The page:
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Damn Interesting - Operation Acoustic Kitty

This is a real thing that really happened.  Honestly.  Written for Damn Interesting  by Gregory Bjerg.

At the height of the Cold War, the US Central Intelligence Agency was willing to try just about anything to gain an advantage over the dreaded Communists. The agency considered using exploding cigars or seashells to remove Cuban leader Fidel Castro; they employed psychics to attempt “remote viewing” of Russian military secrets; and the CIA even put the Soviets on the business ends of clairvoyant minds to attempt mind-control.

One of the CIA’s most bizarre Cold War efforts was Operation Acoustic Kitty. In declassified documents from the CIA’s super-secret Science and Technology Directorate, it was revealed that some Cold-War-era cats were surgically altered to become sophisticated bugging devices. The idea was that the cats would eavesdrop on Soviet conversations from park benches, windowsills and garbage containers. The cat was meant to just stroll up to the sensitive conversations, completely unnoticed. The clandestine cat’s electrical internals would then capture and relay the audio to awaiting agents.

The project was funded and work began in 1961. Former CIA officer Victor Marchetti recounts the story of the Acoustic Kitty:

“They slit the cat open, put batteries in him, wired him up. The tail was used as an antenna. They made a monstrosity. They tested him and tested him. They found he would walk off the job when he got hungry, so they put another wire in to override that. Finally, they’re ready. They took it out to a park bench and said, “Listen to those two guys. Don’t listen to anything else – not the birds, no cat or dog – just those two guys!”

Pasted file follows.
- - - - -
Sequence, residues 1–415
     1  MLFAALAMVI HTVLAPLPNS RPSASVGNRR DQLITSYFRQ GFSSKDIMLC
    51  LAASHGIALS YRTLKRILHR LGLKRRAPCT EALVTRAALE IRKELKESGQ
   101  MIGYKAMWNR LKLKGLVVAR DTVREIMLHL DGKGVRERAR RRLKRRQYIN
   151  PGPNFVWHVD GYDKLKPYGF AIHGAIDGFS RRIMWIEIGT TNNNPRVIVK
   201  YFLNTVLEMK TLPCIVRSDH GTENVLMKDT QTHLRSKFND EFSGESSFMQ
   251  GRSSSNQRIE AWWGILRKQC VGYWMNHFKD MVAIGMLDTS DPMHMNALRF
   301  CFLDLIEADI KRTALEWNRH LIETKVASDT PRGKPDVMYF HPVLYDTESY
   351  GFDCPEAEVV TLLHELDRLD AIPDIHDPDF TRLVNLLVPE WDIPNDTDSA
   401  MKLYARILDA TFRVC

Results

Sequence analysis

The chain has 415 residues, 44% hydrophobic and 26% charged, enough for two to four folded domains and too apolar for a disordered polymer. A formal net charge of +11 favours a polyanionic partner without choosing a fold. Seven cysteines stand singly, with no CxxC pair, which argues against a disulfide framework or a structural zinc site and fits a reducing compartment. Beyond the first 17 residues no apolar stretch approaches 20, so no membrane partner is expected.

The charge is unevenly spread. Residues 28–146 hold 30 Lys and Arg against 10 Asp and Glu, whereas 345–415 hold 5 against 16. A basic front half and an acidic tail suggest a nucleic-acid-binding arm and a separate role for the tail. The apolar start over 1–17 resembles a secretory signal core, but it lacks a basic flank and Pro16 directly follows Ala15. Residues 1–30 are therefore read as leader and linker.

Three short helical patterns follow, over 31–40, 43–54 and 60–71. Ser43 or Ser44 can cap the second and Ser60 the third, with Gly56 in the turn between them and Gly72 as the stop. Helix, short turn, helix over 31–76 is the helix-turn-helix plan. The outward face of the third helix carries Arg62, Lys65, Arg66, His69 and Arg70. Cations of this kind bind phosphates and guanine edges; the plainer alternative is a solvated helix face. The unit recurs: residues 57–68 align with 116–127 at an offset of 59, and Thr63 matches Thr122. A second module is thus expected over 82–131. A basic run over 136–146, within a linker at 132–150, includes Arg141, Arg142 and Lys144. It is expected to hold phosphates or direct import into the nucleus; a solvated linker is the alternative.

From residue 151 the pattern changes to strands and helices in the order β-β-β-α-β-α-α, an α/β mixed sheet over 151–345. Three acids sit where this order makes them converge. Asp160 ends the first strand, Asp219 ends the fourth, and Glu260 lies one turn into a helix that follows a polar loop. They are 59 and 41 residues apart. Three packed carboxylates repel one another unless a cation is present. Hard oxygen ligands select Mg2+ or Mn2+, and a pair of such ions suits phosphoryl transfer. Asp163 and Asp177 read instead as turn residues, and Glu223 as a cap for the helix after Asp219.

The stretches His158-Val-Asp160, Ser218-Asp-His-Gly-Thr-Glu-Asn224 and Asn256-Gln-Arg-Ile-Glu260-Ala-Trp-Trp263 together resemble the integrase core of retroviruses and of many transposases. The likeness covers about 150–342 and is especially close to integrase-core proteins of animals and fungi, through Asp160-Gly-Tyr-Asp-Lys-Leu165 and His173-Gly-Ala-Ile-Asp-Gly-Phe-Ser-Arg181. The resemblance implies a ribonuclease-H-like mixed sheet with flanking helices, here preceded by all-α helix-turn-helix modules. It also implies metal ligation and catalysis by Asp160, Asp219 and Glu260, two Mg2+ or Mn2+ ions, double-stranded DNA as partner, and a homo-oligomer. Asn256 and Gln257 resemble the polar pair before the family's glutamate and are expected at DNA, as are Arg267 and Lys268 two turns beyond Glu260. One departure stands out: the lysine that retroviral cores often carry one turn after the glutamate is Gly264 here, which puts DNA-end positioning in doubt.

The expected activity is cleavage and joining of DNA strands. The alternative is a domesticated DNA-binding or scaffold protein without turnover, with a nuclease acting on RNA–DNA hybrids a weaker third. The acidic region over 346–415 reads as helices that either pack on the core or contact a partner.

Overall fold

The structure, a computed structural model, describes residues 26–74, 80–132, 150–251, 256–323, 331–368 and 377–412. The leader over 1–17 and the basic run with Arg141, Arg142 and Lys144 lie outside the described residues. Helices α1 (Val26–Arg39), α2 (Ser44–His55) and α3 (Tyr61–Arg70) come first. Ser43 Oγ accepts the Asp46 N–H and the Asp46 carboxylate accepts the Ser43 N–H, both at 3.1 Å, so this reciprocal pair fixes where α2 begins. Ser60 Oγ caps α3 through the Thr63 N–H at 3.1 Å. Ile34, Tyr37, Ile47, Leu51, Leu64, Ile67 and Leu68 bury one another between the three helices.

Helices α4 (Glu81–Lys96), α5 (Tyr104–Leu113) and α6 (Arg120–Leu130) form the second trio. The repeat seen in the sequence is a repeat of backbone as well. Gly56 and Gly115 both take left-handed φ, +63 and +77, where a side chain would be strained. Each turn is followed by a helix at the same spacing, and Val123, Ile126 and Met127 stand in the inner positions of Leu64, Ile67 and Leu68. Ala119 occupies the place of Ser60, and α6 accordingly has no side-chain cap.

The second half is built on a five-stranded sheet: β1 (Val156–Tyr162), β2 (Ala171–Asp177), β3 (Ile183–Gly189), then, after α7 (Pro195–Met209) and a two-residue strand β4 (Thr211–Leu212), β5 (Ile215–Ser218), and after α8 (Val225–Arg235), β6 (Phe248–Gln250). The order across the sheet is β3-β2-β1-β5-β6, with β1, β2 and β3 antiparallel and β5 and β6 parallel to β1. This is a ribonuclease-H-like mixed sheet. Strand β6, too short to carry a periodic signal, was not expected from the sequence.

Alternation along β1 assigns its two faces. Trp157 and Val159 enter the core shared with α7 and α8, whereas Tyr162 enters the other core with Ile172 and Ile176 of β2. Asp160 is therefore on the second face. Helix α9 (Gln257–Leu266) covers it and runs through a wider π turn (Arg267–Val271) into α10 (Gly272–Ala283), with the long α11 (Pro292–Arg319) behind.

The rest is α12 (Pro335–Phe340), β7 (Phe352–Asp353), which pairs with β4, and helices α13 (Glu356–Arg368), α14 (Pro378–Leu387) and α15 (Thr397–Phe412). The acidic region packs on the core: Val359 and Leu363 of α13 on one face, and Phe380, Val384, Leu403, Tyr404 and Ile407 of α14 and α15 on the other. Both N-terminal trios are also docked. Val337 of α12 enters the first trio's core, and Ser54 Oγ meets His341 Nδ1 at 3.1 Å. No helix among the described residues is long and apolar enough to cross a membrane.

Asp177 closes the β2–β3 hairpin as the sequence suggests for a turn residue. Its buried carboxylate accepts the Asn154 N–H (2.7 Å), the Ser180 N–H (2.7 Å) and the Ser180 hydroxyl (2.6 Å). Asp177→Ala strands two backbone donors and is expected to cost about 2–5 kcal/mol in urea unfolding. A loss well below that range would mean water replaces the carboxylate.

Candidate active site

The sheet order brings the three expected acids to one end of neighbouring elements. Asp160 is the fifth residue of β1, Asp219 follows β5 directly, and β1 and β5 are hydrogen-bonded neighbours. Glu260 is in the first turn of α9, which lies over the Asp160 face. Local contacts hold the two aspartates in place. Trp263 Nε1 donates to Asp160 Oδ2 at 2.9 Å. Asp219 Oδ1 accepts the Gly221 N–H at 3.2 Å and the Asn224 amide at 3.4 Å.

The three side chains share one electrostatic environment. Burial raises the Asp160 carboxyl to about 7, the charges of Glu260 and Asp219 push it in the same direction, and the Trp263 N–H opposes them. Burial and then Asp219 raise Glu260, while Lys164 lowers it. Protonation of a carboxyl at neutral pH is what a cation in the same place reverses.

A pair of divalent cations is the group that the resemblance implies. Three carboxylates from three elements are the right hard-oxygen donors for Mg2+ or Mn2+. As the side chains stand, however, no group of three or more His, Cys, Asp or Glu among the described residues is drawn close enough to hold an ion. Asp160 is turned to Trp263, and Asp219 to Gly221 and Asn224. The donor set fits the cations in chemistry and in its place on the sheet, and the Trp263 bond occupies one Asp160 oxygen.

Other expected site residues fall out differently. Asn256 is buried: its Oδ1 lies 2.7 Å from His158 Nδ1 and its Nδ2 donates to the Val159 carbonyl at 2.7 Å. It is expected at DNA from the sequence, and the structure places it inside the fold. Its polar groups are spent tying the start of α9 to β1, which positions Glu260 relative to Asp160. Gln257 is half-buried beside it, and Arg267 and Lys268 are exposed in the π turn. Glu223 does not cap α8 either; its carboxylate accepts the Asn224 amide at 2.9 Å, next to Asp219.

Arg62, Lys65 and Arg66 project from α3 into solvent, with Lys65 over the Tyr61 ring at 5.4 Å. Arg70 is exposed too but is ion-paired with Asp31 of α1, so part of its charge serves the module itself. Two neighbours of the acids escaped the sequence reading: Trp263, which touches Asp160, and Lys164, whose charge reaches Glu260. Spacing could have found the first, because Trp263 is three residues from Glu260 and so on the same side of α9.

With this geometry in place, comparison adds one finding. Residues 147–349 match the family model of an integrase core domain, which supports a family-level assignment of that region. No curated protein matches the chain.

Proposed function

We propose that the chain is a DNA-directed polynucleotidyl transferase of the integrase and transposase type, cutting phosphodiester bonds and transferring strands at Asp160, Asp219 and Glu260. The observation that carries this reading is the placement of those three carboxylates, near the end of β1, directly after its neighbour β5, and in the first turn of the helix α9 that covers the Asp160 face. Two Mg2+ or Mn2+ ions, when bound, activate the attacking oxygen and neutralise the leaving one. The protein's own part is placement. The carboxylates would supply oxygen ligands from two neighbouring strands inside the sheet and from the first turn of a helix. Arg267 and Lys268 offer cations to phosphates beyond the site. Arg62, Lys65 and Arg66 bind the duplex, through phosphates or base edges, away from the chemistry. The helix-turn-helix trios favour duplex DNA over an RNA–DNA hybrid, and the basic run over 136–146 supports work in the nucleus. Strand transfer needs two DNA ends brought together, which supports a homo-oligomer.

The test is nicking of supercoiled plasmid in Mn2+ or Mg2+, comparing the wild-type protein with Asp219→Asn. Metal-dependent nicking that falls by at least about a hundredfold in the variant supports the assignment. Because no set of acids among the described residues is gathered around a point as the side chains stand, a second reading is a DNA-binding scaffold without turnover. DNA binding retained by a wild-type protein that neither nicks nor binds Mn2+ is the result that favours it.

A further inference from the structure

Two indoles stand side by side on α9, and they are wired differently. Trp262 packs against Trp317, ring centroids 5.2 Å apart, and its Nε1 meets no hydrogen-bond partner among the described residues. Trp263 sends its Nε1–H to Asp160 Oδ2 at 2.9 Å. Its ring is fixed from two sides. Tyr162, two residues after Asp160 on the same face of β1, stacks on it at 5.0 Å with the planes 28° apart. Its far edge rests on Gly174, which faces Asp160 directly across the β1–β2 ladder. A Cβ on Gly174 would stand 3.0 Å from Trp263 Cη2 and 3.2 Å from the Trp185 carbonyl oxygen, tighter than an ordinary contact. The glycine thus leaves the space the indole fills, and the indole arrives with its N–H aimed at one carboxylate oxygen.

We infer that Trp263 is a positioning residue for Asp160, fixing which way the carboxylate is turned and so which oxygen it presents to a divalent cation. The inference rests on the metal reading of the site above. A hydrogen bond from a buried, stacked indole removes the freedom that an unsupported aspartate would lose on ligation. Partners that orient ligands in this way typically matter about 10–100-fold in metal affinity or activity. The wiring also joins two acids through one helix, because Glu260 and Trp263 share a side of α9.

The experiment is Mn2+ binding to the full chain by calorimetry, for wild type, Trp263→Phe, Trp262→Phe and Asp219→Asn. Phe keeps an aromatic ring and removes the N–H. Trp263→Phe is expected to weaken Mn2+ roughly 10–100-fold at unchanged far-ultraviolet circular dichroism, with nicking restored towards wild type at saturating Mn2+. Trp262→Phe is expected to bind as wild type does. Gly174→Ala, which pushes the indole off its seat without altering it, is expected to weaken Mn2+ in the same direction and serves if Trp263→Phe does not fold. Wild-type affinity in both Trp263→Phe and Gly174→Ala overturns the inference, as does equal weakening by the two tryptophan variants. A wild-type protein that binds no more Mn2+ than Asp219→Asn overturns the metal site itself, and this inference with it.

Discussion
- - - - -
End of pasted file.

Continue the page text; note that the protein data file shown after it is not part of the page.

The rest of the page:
After several surgeries and intensive training, the cyborg cat was ready for its first field test. The CIA drove the cat to a Soviet compound on Wisconsin Avenue in Washington, D.C., and let him out of a parked van across the street. The cat ambled into the road, and was struck by a taxi almost immediately. Five years of effort and over $15 million in spending were reduced to roadkill in an instant. Shorty after its demise a CIA operative returned to the accident site and put the cat’s remains into a container to prevent the Soviets from getting their paws on the sensitive and expensive listening devices.

Operation Acoustic Kitty was completely abandoned in 1967, and declared an unadulterated failure. Possibly due to their embarrassing nature, the documents describing Acoustic Kitty remain partially censored even today. But one document does praise the Acoustic Kitty team for their efforts:

“The work done on this problem over the years reflects great credit on the personnel who guided it, particularly (censored), whose energy and imagination could be models for scientific pioneers.”

While the memo says that the use of trained cats is possible, it also says that “the environmental and security factors in using this technique in a real foreign situation force us to conclude that for our (intelligence) purposes, it would not be practical.”